Loden recalls his own home inspection when it was pouring rain. “The roof was not leaking when I moved in, but six weeks later it was,” he said. “A home inspection is not a guarantee that the house won’t have problems in the future.”

He says that the best thing you can do is carefully check the drains in cabinets before and during your move.

“A lot of times homeowners place belongings under there. Sometimes they’ll pack them up after the inspection and bump the drain traps, causing them to start leaking. The same thing can happen when you move in.”

At the end of the day, the key is to take precautions and make sure you find a certified inspector who has been inspecting in your area for a long time.

“They learn where failures are likely to occur,” Loden said.

 

Source: Zillow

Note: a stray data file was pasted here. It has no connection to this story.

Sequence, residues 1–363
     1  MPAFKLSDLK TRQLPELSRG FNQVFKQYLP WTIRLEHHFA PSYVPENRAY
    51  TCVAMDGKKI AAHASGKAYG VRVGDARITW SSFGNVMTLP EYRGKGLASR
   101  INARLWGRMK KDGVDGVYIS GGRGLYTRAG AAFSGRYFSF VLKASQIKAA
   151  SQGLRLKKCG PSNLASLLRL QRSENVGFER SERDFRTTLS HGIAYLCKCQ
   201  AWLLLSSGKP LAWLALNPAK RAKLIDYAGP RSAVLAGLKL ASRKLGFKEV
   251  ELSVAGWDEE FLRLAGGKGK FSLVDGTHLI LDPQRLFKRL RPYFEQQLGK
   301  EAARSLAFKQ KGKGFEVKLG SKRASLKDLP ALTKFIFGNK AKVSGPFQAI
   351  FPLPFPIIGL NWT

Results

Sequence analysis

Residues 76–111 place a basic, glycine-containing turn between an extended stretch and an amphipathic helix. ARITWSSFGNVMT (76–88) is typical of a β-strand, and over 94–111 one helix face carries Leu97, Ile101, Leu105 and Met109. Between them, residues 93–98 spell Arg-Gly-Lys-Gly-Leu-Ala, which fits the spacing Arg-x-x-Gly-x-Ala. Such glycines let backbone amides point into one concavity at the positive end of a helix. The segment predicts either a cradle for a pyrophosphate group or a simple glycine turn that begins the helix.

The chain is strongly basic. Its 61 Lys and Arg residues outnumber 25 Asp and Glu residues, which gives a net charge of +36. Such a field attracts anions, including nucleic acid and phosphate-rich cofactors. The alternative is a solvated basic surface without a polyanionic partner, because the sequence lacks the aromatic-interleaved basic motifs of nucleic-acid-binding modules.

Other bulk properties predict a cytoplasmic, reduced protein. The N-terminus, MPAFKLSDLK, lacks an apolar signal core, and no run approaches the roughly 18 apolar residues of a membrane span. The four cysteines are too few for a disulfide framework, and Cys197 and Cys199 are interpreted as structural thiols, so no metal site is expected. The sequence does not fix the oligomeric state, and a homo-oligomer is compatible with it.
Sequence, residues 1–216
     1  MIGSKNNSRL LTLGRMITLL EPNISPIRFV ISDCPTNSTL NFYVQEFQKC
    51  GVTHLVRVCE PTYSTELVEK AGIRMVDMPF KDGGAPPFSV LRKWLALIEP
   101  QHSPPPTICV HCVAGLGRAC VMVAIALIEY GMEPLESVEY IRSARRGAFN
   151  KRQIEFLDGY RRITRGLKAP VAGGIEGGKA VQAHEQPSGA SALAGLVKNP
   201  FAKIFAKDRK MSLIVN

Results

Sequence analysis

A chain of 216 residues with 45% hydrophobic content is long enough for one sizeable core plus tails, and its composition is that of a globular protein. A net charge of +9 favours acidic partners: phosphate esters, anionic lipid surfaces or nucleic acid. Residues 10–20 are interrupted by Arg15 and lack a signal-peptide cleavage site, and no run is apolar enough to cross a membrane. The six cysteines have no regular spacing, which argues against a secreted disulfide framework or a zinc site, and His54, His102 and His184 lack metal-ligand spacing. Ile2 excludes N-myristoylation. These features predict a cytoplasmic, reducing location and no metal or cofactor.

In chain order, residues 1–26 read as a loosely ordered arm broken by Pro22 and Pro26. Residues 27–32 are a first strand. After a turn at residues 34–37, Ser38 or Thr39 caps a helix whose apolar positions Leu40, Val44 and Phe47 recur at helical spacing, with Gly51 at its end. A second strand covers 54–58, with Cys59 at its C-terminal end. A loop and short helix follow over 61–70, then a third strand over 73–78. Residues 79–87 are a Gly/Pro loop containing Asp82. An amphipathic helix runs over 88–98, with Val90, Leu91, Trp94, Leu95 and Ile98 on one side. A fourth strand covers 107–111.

5 Steps to Ease the Stress of the Sale of Your Home

Since you’re convinced that the fall is a good time sell, here are some often overlooked steps to take to ease the stress of the sale of your home. Staging is one of them. Here are another five that will help you sail through the sale.

  1. Make a list of improvements you’ve made and any issues you’ve experienced while living in your home

Highlight and disclose improvements you’ve made in addition to any issues you may have experienced while living in your home, especially if you’ve owned your home for a while. For example, chimney fires, water damage, a flooded basement, or the addition of a French drain system, too.

  1. Be aware of how your listing appears online

Get online and Google your address. Why? Because almost all buyers search online for homes these days. And you need to be aware of how your listing looks on the Internet. For example, not all of your recent home improvements show up on Google Maps’ street view. You need to flag each one of those updates that aren’t showing up.